Event-Level Risk for Negative Alcohol Consequences in Emerging Adults: The Role of Affect, Motivation, and Context

Jack T. Waddell, Scott E. King, Sarah A. Okey, William R. Corbin

Research output: Contribution to journalArticlepeer-review

Abstract

Objective: Decades of research has found support for the motivational model of alcohol use, such that positive/negative affect are indirectly associated with drinking behavior through drinking motives. However, research on event-level drinking motives is in its nascent stage, and studies have yet to consider how drinking context plays a role in the motivational pathway to both event and person-level drinking behavior. Therefore, the present study seeks to test whether drinking context mediates the effect of affect and motivation on drinking outcomes at both the event and person-level. Method: Data for this Stage 1 Registered Report will come from a recently completed ecological momentary assessment (EMA) study in emerging adults. The study collected data on 131 emerging adults, of whom 107 reported event-level social and solitary drinking during the EMA period. Multilevel structural equation modeling will be used to test whether predrinking affect is associated with predrinking motives, and whether drinking context (social vs. solitary drinking) mediates the effect of drinking motives on drinking outcomes. Models will parse within-/between-person variance, allowing the present study to test whether drinking context serves as a mechanism of risk in the motivational model at the event-level, or solely at the between-person level. Findings will inform personalized interventions and motivational models of drinking behavior.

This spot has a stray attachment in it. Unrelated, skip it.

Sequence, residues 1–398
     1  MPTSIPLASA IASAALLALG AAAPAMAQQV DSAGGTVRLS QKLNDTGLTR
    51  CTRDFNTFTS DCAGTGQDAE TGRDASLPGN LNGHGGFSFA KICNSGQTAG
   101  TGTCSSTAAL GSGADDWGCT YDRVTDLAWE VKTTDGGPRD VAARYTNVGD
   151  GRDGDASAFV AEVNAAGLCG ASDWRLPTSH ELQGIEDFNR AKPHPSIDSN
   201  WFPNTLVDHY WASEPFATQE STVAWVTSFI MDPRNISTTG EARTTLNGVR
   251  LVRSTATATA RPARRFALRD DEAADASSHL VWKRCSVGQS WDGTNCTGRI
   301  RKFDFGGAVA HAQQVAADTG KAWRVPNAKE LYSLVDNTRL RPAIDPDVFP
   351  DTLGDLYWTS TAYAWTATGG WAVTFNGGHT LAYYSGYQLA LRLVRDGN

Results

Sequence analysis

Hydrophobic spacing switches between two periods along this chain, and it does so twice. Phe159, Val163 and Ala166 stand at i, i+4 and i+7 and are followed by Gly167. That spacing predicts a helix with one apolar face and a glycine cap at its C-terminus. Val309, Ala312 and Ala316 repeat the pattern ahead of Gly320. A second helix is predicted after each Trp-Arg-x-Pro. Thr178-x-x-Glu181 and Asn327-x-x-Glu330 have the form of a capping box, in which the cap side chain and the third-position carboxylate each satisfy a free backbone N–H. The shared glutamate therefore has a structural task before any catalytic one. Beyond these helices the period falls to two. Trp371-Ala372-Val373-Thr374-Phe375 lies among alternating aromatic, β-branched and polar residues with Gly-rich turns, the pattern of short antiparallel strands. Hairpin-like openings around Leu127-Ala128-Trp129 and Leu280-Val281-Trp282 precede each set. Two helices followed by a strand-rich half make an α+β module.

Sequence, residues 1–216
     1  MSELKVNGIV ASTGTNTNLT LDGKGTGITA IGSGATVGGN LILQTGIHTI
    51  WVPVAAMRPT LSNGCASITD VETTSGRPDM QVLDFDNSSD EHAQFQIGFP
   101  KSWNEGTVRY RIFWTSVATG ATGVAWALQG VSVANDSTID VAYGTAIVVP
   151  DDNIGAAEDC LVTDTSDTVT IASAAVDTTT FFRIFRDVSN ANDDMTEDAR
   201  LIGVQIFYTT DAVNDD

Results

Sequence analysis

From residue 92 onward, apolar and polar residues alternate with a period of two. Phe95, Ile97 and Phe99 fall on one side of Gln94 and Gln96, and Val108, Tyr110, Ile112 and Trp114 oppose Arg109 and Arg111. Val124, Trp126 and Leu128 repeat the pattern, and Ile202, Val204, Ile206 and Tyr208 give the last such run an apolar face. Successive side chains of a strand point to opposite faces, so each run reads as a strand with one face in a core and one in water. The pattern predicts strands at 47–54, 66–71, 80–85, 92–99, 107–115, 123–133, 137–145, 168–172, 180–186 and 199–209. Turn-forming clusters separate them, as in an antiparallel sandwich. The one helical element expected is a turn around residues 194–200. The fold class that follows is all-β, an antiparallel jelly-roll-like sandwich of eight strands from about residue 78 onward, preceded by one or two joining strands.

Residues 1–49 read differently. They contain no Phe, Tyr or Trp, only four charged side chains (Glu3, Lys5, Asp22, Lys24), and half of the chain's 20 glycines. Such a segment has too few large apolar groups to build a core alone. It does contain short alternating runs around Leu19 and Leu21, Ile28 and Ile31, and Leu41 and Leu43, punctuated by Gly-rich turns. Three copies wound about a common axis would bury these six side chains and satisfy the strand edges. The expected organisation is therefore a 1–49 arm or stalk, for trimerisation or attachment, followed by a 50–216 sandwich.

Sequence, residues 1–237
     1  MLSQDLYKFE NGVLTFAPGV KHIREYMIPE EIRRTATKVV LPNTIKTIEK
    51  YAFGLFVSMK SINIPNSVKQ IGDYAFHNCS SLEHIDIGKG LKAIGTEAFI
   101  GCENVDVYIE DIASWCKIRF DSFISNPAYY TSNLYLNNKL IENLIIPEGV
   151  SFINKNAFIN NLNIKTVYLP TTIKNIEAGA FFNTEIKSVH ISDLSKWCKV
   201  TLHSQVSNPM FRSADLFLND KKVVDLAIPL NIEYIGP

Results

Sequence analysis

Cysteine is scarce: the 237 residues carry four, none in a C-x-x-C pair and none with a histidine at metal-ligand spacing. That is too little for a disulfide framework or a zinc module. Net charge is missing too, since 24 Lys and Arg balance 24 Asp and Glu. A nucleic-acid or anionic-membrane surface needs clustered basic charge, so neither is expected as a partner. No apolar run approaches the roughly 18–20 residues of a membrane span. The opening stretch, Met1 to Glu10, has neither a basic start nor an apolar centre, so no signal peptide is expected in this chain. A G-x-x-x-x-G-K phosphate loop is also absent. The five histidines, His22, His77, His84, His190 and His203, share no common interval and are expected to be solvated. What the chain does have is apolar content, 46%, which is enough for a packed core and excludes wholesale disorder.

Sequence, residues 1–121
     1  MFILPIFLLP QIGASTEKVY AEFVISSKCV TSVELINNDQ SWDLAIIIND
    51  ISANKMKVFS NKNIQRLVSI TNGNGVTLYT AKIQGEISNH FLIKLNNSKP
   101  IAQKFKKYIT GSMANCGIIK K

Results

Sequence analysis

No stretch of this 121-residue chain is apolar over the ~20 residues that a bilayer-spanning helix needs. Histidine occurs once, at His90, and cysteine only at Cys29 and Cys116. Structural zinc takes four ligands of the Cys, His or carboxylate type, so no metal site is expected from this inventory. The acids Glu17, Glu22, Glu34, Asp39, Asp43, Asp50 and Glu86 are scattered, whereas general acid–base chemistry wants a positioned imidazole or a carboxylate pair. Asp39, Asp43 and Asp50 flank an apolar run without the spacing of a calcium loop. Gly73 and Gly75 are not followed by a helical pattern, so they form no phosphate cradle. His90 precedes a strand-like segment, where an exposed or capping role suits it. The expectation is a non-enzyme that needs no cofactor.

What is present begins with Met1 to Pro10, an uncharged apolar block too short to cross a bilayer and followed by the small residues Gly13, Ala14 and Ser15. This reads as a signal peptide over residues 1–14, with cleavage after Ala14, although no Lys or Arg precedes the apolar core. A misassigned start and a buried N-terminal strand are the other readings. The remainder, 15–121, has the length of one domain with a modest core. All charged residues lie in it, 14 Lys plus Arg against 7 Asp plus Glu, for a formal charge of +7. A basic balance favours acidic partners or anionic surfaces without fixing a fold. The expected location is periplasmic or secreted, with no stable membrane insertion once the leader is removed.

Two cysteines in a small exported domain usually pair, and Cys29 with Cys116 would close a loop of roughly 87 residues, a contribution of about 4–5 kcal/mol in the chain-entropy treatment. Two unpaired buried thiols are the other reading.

Original languageEnglish (US)
JournalPsychology of Addictive Behaviors
DOIs
StateAccepted/In press - 2022

Keywords

  • Drinking context
  • Drinking motives
  • Drinking to cope
  • Event-level
  • Solitary drinking

ASJC Scopus subject areas

  • Medicine (miscellaneous)
  • Clinical Psychology
  • Psychiatry and Mental health

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